Genocide Is Bad
Photo by Dita Marina ObertYou can't say San Juan Capistrano playwright Joseph Hullett plays safe. His latest play, Trail of Tears, references everything from the Holocaust and the forced march of the Cherokee Nation in 1838 to gay-bashing and perennial academic battles over historical authenticity. It's an ambitious attempt to link three parallel stories from different historical periods in order to . . . I don't know. You never get the sense that what Hullett truly wants to say is so much profound as it is obvious: genocide is bad. Genocide has been with us for as long as human history; those who forget that history are doomed to repeat it. Yawn. More compelling is a point buried deep in Hullett's dense play: If good men of principle and honor break during times of intense social conflict, if they sell themselves or an entire race of people out in order to survive, what can the rest of us hope for? But that question is lost amid the encyclopedia of historical details and the broad scope of this rigorously researched play.
It doesn't help that director Oanh Nguyen, who bookends the play with two very effective images, lacks the acting horses to deliver Hullett's points. Some actors are hopelessly miscast; others are nearly inaudible, tangled in the thickets of their accents, or simply overwrought, bursting into unmotivated fits of anger or passion. Only Tree Henson as a Cherokee woman forced to leave her home in 1838 and Casey Long as an earnest history professor attempting to uncover the truth of an Austrian colleague's relationship with the Nazi Party are wholly believable.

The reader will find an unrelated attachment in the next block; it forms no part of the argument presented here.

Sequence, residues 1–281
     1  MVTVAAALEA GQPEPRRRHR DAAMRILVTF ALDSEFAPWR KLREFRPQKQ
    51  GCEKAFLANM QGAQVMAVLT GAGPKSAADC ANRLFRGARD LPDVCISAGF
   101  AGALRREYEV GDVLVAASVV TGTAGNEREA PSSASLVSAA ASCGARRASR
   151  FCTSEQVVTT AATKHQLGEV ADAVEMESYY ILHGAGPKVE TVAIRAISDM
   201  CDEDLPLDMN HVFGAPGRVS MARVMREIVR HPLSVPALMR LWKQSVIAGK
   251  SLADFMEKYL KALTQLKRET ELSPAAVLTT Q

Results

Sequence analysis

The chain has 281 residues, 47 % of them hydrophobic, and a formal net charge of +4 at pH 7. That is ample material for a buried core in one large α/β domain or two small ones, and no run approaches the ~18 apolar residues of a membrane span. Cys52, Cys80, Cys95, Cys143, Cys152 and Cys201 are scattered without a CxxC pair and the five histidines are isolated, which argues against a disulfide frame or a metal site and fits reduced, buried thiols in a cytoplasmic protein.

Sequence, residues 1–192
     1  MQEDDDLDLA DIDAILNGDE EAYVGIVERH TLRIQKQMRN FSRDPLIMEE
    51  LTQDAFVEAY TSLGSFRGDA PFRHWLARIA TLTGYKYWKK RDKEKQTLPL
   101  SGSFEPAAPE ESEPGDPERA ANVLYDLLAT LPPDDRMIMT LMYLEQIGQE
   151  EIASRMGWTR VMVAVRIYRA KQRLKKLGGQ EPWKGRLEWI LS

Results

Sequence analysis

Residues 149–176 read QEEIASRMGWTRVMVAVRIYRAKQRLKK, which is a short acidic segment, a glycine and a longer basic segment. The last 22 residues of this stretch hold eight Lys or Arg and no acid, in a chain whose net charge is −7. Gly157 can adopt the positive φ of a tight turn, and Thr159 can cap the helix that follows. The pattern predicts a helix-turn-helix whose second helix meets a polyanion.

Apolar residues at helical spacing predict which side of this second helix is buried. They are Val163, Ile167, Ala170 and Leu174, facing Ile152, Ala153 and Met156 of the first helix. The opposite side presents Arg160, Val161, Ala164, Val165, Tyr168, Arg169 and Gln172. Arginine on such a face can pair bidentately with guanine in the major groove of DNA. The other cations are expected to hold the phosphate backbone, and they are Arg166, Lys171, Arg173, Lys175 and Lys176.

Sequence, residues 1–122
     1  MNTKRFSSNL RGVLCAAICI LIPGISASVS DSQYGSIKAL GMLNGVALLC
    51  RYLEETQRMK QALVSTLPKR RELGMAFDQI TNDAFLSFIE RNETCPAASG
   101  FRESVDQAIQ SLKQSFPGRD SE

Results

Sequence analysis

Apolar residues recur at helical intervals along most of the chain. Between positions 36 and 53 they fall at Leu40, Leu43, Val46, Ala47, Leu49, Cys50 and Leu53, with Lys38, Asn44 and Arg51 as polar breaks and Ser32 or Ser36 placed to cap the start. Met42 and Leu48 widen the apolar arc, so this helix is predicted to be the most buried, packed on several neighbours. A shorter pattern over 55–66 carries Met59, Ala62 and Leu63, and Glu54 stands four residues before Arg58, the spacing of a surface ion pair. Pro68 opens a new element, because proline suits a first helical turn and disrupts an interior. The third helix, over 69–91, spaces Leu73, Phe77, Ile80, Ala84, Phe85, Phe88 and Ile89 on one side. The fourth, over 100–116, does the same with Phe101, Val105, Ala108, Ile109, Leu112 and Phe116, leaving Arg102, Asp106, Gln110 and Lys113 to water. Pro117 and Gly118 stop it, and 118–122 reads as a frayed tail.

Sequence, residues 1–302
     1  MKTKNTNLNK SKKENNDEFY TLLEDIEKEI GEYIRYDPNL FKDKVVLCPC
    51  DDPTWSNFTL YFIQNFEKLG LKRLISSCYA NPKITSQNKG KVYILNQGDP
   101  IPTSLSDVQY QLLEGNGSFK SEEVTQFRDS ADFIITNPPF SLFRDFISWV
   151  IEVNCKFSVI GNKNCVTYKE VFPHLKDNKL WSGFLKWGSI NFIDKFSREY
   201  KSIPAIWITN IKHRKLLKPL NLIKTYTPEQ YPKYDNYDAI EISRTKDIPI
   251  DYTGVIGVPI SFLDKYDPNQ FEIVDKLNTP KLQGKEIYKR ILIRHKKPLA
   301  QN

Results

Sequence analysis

The false notes among actors seriously impede the thrust of a play that might be more powerful than this production suggests. Hullett cares about his material deeply and demonstrates ample poetic aptitude ("God sprinkles people on the earth like rain; a place with no people is a place God forsakes"), and the structure—three interconnected stories running simultaneously—works.
The cast must have rehearsed this production with a stopwatch; on mine, it clocked in at a brisk one hour and 50 minutes. Nguyen might have taken an extra five or 10 minutes to dial in one of the play's most intriguing themes: even in the midst of seemingly impenetrable darkness, there's light.
Trail of Tears at the Chance Theater, 5576 E. La Palma Ave., Anaheim Hills, (714) 777-3033. Fri.-Sat., 8 p.m.; Sun., 2 p.m. Through Sept. 8. $13-$15.
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